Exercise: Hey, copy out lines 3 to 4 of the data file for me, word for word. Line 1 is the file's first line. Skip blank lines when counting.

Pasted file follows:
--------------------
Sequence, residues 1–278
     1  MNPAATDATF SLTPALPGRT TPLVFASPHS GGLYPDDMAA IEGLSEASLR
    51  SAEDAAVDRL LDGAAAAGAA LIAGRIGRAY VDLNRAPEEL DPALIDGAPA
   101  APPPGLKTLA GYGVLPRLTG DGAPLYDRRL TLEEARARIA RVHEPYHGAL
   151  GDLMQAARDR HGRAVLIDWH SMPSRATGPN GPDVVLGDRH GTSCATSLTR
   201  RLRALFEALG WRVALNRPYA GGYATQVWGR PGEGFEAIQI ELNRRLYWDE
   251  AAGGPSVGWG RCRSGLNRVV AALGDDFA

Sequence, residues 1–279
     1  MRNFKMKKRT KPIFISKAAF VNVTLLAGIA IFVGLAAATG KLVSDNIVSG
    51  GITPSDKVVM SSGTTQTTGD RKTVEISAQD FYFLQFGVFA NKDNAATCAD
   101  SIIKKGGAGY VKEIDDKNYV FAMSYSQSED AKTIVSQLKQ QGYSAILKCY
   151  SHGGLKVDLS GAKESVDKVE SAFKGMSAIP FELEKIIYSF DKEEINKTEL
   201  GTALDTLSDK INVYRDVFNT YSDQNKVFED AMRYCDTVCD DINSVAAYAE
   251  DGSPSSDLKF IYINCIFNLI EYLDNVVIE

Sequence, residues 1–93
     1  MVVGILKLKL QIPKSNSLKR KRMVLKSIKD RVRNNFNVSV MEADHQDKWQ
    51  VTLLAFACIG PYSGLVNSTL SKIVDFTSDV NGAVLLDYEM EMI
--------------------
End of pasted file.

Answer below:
    51  SAEDAAVDRL LDGAAAAGAA LIAGRIGRAY VDLNRAPEEL DPALIDGAPA
   101  APPPGLKTLA GYGVLPRLTG DGAPLYDRRL TLEEARARIA RVHEPYHGAL